By Brenna Hall
The Feast of Fools was a big celebration that started in the middle ages.
It was a day when the classes switched places, put aside all of their Christian values and played tricks. Some of the behavior people participated in was cross-dressing, gambling on the church altars, singing rude songs and drunkenness. Higher up classes such as knights, lords, ladies, etc. did the tasks of villagers and the villagers were able to order them around.
They would also choose a young boy to be the pope or bishop for the day. The Feast of Fools was a day when there were no rules. Everyone did what they wanted. The "Fools" were given names such as "lord or lady of foolishness", "unreason", "chaos" or "the king or queen of fools". This was not a title to be proud of. But for that day everyone had to obey orders given to them by these "chosen" people.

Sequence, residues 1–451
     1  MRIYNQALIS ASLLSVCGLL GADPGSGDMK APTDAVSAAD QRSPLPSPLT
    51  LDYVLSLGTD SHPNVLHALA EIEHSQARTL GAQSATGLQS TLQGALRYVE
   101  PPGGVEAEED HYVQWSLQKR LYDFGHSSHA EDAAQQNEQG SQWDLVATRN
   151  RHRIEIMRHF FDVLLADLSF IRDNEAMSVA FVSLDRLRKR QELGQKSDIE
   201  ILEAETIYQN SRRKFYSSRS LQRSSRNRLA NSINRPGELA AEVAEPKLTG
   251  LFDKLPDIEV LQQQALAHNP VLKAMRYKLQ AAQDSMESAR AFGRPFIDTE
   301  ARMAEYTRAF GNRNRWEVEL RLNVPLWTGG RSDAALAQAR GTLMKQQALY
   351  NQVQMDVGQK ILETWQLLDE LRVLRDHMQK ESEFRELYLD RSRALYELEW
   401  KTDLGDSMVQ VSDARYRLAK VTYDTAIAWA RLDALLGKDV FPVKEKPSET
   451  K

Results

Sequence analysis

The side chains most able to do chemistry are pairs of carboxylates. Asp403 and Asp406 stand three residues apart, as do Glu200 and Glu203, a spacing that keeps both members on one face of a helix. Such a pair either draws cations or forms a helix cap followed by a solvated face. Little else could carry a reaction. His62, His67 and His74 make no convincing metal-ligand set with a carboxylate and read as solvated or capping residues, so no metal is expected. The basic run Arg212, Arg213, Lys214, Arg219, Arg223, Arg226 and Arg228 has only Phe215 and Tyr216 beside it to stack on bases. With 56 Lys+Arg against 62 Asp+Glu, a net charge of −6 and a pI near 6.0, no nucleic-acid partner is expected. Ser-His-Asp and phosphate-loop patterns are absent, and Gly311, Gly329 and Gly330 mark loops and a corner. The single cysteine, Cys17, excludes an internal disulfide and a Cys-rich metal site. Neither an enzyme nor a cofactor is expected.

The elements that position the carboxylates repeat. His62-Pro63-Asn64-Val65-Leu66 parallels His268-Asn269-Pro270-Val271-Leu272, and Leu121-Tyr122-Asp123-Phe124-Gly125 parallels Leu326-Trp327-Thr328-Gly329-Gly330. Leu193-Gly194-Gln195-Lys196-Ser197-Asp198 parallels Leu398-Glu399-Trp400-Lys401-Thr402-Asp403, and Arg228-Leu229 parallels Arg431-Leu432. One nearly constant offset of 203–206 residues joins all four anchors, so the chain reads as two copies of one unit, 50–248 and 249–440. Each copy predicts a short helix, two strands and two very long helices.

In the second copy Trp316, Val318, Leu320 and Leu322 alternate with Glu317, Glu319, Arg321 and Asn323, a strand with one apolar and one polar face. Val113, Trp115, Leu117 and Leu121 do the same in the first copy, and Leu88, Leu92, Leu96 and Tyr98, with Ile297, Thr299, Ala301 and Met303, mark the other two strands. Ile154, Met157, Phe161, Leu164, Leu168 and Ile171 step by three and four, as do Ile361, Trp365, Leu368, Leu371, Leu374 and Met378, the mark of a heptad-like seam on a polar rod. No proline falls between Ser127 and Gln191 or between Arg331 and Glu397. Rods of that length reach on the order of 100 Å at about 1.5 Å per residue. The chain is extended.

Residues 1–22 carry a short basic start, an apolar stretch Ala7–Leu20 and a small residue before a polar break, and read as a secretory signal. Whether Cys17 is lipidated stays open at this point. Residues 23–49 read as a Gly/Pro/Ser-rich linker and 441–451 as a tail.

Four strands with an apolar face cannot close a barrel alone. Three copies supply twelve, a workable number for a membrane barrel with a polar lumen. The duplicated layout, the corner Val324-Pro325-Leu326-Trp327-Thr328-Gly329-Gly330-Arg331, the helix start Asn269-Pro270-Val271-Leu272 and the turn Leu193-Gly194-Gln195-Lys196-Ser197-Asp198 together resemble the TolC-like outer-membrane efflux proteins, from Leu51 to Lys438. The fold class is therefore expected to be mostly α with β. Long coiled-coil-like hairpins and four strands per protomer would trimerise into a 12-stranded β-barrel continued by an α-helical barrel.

Most of Europe participated in The Feast Of Fools. It was celebrated in France, England, Scotland and other countries as well. People in Paris were particularly known for their outrageous behavior. When the Feast of Fools was celebrated in France it was often held at Notre Dame and Disney's Hunch Back of Notre Dame is an example of the Feast of Fools.
The Catholic Church tried many times to get rid of the Feast of Fools but failed because the people liked it. In the fifteenth century the embarrassed Catholic Church was finally able to put a stop to the partying in Notre Dame. But it wasn't until the sixteenth century that they were able to completely banish this day of foolery.
The Feast of Fools was celebrated every year on New Year's Day. But at that time, New Year's Day was on what is April 1st today. When the calendar was changed to what we have today, some people still celebrated the Feast of Fools in April and that is where April Fools Day comes from.